Food hubs are a crucial, but often invisible, part of the local food system. They help small farms grow by offering a combination of production, distribution, and marketing services. There are now 236 food hubs in the U.S., with more popping up all the time. Some are physical spaces, some virtual online spaces, but all are concerned with connecting the dots between producers and consumers of food in local and regional food systems. Food hubs can be thought of as helpful middlemen that connect producers (farmers and ranchers) with institutional buyers (restaurants, hospitals, schools, etc) and end consumers. They help farmers gain access to larger markets so they can focus more on farming and less on marketing, distribution, etc.
According to the USDA’s Regional Food Hub Resource Guide, a food hub is a “business or organization that actively manages the aggregation, distribution, and marketing of course-identified food products primarily from local and regional producers to strengthen their ability to satisfy wholesale, retail, and institutional demand.”
As demand for locally-sourced foods continues to rise, many smaller farming and ranching operations find it difficult to make the jump from selling at roadside stands and farmers markets to selling larger quantities to grocery stores, restaurants, and other institutions. According to the USDA, “food hubs make it possible for producers to gain entry into new and additional markets that would be difficult or impossible to access on their own.”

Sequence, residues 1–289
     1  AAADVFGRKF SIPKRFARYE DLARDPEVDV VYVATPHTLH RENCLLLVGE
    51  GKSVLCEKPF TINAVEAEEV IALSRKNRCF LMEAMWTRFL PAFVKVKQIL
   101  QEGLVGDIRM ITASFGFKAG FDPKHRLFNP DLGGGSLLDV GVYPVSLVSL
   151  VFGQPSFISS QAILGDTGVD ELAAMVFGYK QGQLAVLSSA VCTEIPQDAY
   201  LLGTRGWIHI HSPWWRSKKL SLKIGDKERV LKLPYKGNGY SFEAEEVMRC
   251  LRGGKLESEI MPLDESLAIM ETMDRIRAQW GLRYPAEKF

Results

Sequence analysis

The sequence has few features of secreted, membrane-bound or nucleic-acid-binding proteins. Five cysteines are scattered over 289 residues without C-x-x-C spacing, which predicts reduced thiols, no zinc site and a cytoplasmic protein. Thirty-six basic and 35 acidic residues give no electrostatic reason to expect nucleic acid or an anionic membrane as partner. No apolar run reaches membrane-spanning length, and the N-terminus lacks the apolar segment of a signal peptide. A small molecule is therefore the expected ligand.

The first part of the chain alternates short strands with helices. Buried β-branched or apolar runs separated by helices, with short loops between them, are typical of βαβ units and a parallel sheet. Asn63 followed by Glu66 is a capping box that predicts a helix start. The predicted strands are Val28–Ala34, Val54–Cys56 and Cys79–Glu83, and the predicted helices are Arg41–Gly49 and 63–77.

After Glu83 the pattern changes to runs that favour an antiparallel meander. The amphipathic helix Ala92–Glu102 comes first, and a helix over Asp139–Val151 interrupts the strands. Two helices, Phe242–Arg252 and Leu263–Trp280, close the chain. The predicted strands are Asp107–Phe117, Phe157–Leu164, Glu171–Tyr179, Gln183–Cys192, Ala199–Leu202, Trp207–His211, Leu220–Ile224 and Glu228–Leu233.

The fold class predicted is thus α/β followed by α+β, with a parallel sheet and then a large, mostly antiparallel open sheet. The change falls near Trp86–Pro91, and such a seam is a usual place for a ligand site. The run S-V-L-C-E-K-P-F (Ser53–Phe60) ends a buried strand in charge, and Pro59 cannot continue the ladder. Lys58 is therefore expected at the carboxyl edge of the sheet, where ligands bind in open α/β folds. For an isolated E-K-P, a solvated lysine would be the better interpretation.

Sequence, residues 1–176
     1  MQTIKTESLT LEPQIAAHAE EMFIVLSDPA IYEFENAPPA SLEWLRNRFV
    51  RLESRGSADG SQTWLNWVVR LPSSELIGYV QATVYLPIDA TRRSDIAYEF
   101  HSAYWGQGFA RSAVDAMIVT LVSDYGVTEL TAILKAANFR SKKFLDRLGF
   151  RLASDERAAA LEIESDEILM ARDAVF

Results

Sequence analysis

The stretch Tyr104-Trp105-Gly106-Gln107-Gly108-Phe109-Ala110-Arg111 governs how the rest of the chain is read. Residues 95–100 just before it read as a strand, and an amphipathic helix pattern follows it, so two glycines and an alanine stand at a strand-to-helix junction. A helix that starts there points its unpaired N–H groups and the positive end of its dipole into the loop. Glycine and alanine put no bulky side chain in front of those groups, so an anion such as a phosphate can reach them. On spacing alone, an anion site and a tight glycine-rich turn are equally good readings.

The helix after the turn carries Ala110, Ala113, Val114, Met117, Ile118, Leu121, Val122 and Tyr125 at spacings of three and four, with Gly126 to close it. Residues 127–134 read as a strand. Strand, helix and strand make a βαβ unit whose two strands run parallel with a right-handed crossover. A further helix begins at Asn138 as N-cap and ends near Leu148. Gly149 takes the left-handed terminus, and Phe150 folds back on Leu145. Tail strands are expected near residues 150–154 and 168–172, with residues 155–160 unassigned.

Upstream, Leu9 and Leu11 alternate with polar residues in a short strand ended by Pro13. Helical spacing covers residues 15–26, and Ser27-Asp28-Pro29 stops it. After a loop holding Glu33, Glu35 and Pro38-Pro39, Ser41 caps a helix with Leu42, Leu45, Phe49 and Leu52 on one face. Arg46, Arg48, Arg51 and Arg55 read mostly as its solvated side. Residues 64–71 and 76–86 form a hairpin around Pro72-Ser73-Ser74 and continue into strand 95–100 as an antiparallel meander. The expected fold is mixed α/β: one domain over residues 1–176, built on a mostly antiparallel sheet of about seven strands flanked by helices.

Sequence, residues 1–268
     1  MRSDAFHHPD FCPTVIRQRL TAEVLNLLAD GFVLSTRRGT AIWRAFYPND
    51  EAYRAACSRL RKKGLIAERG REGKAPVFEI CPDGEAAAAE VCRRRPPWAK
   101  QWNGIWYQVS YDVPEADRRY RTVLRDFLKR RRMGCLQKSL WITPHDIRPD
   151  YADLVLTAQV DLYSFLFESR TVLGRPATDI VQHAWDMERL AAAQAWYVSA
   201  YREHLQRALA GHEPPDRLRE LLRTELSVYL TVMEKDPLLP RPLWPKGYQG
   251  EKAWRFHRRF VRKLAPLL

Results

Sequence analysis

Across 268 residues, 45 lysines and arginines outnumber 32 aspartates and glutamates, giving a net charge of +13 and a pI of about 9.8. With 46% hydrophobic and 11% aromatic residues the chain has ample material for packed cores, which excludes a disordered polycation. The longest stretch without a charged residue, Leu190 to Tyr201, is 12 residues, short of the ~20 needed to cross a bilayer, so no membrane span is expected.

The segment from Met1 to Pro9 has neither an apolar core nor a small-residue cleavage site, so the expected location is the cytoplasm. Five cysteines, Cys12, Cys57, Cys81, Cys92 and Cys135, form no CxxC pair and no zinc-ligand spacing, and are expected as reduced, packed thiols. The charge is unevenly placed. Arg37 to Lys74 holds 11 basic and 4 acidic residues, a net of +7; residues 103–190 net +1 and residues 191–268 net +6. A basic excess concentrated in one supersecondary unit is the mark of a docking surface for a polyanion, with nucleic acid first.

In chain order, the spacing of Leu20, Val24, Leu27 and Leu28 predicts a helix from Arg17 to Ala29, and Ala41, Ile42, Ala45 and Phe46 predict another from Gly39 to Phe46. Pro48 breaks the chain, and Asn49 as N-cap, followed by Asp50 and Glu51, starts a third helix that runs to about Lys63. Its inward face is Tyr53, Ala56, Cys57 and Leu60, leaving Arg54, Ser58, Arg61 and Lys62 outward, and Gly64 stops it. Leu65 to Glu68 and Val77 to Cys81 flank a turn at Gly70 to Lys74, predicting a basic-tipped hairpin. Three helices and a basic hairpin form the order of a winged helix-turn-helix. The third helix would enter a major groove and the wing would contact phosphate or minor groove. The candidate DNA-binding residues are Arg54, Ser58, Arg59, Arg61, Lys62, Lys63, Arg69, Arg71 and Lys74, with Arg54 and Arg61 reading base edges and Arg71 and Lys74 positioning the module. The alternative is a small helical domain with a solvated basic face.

Food hubs benefit farmers by connecting them with additional (often larger) markets, and providing services like marketing, accounting, sales and education. Food hubs can offer a single drop-off point for multiple farmers that also serves as a single pick-up point for distributors and customers. Sometimes they provide storage or liability insurance. Every food hub is a little different.
Food hubs benefit consumers and the general public by creating jobs (on average, each food hub creates 13 jobs) and increasing access to fresh healthy foods. Nearly 40% of food hubs focus on increasing access to fresh foods in food deserts and other under-served areas. For consumers who already feel they have good access to local foods, a food hub can make the process much more convenient. For example, instead of driving to the farmers market every Sunday rain or shine, then making a special trip to your favorite sweet corn stand, you might be able to order all of your favorite items from different farms online, all to be picked up Thursday night after work at a single location. In this way, “virtual” or online food hubs perform many of the same services as other food hubs that are tied to a physical location. Food Hub, run by Ecotrust is a good example of a virtual food hub.
Food hubs play an important role in supporting local food systems and food availability. They promote entrepreneurship, create local jobs, and fight food insecurity – topics that are central to Sustainable America’s mission. Our goal is to increase U.S. food availability by 50% by 2035. As local food continues to become more popular, food hubs and local farms should continue to grow, and so should U.S. food availability.